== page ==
A flurry of recent mandates will completely upend the negotiating table between payers and providers, but how the final contracts will change going forward all depend on enforcement.
Although most negotiations between hospital systems and insurers have been finalized for 2021, Rick Kes, a senior analyst at RSM, said recent mandates around surprise billing, price transparency and the antitrust exemption for health insurers will reverberate throughout the healthcare industry for years to come. In late January, CMS also approved a prior-authorization rule that requires payers to build application programming interfaces between their records and providers’, in a move to speed decisions about whether patient procedures are covered. The changes will phase in during 2023 and 2024.
Kes expects the new laws to accelerate hospitals’ move to value-based arrangements with insurers, and drive investment in consumer-centric digital tools that help individuals compare procedure prices between systems.
“The negotiation table has dramatically changed in just a period of a couple of weeks here,” Kes said. “Between surprise billing and price transparency getting rolled out, and now this competitive law for the insurer, it’s just a really dynamic situation.”
Although the rules around arbitration for surprise billing have yet to be ironed out, Kes said new legislation around surprise billing and price transparency creates an obvious headwind for insurers, removing bargaining chips that providers once held close to their chest at the negotiating table. The surprise billing legislation will take effect in 2022. Hospitals were required to publicly post their negotiated rates with insurers at the start of the year, although some health systems have been slow to meet this requirement.
A spokesperson for the American Hospital Association said the group has not yet decided whether it will further challenge the legality of the price transparency mandate. Molly Smith, group vice president of public policy at the AHA, said large commercial health plans have greater leverage at the negotiating table than individual health systems and that the new rules unfairly shift negotiations in insurers’ favor.
“We can expect commercial health insurers to demand lower rates from hospitals based on the lowest publicly released rate even if that rate is unsustainable,” Smith said in a statement. “This has immediate implications for patient access to care.”
To keep care costs down and incentivize insurers to go in-network with providers, Kes said he expects more hospital systems to move from fee-for-service models to value-based care arrangements, offering to share the risk of caring for a patient population with payers. This represents a big change in how providers have traditionally done business, Kes said, and will lead to increased investment in data analytic for managing their patient population.
“It really comes down to the market positions of the health plans that are negotiating versus the providers and their willingness to be innovative in how they accept risk,” said Daniel Schwarcz, a professor at the University of Minnesota Law School.
He added that it also opens the market for innovation on the consumer front. Price transparency legislation requires that the information posted be machine-readable, giving data scrapers the opportunity to come in, collect price information from multiple websites and aggregate the information in a searchable way that lets consumers know how much a procedure will cost at different health systems under their plan.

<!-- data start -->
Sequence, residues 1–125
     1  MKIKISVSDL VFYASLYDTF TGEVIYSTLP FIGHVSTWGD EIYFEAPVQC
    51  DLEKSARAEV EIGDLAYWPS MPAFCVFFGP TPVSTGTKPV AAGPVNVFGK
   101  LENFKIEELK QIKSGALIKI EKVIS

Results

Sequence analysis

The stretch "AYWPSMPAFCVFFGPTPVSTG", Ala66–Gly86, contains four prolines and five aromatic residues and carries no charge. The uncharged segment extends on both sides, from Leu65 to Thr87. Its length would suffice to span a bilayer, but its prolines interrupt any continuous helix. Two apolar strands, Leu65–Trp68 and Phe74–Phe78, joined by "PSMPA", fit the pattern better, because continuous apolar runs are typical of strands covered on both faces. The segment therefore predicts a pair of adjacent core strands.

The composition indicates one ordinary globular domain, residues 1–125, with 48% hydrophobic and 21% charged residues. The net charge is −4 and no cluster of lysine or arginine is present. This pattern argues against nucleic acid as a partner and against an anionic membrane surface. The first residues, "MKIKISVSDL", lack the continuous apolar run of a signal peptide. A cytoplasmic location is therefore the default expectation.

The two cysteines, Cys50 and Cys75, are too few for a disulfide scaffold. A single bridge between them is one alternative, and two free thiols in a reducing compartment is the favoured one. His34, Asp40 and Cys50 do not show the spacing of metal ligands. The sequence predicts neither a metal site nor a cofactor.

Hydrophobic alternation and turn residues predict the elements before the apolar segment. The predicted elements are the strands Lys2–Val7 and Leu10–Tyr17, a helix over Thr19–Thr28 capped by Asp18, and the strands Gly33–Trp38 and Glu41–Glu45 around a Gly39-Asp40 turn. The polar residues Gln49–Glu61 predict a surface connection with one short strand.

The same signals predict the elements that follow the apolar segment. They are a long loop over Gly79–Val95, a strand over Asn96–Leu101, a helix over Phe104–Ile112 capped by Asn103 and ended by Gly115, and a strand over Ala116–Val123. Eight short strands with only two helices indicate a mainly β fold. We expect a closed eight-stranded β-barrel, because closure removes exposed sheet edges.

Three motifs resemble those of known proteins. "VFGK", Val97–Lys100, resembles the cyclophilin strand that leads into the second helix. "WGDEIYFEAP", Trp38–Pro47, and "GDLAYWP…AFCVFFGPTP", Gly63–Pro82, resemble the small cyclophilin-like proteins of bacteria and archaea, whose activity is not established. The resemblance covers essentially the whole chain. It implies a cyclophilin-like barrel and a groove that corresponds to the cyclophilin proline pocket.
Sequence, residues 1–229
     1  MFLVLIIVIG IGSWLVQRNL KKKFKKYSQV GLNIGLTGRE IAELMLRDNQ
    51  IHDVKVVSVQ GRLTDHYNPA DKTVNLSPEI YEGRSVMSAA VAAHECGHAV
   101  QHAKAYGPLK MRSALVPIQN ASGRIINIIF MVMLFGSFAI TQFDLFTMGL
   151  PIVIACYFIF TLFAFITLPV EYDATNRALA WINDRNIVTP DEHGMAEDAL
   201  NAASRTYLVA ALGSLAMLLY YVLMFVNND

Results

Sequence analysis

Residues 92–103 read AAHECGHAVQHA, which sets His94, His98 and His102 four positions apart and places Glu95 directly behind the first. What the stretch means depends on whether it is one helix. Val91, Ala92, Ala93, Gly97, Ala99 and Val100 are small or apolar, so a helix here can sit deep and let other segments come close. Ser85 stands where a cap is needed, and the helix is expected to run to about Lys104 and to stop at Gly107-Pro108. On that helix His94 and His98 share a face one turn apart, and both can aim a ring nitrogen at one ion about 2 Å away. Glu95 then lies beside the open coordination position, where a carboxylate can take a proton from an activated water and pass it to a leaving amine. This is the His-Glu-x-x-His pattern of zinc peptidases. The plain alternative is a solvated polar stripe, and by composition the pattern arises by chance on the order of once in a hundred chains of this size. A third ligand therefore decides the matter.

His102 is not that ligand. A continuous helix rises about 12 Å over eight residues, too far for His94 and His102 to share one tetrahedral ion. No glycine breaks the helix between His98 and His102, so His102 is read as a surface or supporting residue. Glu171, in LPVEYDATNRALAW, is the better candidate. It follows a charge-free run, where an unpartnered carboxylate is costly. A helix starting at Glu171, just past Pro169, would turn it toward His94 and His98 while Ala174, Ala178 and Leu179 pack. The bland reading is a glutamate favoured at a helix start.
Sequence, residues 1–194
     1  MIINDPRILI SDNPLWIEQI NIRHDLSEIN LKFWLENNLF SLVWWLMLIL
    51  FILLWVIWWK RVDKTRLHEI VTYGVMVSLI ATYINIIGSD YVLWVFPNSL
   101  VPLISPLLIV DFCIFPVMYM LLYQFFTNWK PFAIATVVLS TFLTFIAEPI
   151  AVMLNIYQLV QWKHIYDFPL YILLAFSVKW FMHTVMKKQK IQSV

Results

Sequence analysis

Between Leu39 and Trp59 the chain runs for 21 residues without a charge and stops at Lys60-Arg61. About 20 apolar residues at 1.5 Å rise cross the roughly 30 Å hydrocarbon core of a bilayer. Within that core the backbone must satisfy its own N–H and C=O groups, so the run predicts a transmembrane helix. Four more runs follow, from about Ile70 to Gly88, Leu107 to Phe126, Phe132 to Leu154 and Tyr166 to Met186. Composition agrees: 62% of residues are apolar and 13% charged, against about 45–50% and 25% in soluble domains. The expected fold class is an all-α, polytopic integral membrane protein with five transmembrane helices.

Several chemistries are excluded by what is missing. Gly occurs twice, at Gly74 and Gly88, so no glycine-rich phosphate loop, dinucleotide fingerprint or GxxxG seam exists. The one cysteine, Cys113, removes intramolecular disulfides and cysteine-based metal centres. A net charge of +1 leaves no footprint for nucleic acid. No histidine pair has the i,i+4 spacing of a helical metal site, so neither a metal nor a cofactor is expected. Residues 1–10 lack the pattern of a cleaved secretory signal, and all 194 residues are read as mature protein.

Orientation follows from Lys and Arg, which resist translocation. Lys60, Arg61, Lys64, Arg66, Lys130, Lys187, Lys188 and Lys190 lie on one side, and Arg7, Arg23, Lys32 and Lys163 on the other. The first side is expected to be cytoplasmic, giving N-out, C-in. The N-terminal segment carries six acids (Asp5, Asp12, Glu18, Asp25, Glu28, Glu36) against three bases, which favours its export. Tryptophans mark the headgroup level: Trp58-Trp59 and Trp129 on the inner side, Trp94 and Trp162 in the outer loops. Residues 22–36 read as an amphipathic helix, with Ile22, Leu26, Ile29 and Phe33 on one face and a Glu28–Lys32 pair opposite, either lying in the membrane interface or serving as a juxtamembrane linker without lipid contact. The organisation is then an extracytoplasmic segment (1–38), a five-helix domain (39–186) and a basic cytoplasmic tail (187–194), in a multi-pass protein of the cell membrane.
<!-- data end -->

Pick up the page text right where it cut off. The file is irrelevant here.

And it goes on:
“If you think of a millennial or a Gen-Z person, they are going to be more demanding, from a transparency perspective, than generations before them,” Kes said. “They’re used to having all the information that they want at their fingertips when they make decisions on purchasing anything.”
But not all recent legislation is stacked in insurers’ favor.
Less than a month after new legislation passed that aimed at pinning down prices issued by providers, the hospital industry received a bargaining chip in return. In mid-January, then-President Donald Trump passed another law that removed the federal antitrust exemption health insurers enjoyed under the 1945 McCarran-Ferguson Act. The American Hospital Association celebrated, hoping the measure would introduce some competition in the insurance industry.
“We are hopeful that the repeal will encourage the Federal Trade Commission to begin giving the commercial insurance industry the same level of scrutiny it has given the hospital field,” the AHA’s Smith said in a statement.
America’s Health Insurance Plans CEO Matt Eyles, meanwhile, said the measure ignores the fact that healthcare is local and will add administrative and litigation costs to insurers’ operations, which they will ultimately have to pass on to members.
“States have always exercised great authority in ensuring fair and competitive markets that delivered consumer choice,” Eyles said in a statement. “Removal of this exemption adds tremendous administrative costs while delivering absolutely no value for patients and consumers. It will unnecessarily add layers of bureaucracy, destabilize markets, create conflicting federal and state oversight requirements, and lead to costly litigation.”
Schwarcz said he thinks the insurance industry’s reaction to the antitrust exemption is overwrought. While these new rules are a step in the right direction for consumers, he said whether they bring transparency to the industry depends on how they are enforced.
“It certainly won’t do harm, but it could end up doing very little if there’s not much enforcement of it, or if enforcement actions end up being not successful,” Schwarcz said.